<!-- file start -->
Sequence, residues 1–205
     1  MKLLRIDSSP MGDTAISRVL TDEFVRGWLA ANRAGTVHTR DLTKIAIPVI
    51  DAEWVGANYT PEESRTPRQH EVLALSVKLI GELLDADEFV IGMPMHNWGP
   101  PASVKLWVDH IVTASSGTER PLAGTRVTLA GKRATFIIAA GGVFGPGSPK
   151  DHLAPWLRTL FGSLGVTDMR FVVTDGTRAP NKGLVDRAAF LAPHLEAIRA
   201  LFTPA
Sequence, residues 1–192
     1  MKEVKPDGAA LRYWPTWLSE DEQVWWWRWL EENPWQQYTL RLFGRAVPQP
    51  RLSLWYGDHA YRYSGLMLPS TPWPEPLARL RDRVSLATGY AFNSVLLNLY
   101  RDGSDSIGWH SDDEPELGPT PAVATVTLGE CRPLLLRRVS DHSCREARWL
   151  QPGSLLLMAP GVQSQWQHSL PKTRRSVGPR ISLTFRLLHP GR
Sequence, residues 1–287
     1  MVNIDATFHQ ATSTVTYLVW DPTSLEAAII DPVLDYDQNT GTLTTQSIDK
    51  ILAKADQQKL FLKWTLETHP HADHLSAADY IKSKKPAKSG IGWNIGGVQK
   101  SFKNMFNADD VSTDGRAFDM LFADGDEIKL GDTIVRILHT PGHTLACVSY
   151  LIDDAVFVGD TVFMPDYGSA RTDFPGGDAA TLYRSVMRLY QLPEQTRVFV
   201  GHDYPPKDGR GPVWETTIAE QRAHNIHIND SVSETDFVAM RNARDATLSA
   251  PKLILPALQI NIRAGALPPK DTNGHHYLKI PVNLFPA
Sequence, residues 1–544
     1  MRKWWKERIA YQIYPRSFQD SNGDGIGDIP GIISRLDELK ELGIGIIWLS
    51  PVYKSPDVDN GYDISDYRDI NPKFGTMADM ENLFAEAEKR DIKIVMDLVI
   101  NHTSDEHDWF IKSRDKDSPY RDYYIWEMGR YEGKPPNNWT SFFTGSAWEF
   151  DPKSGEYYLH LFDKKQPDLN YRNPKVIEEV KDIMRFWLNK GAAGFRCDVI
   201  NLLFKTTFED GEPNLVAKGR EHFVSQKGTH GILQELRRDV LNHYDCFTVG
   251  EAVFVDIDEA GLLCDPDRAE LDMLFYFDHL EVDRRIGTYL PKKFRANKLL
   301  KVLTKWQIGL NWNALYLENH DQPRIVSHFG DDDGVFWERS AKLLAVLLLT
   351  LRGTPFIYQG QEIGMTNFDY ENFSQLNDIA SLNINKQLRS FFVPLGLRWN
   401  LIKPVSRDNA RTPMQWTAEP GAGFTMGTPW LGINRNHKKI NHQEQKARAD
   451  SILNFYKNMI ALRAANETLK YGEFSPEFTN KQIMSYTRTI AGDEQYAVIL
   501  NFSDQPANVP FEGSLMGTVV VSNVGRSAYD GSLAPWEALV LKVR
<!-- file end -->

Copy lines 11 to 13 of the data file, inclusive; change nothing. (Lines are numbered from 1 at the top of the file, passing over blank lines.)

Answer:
   151  QPGSLLLMAP GVQSQWQHSL PKTRRSVGPR ISLTFRLLHP GR
Sequence, residues 1–287
     1  MVNIDATFHQ ATSTVTYLVW DPTSLEAAII DPVLDYDQNT GTLTTQSIDK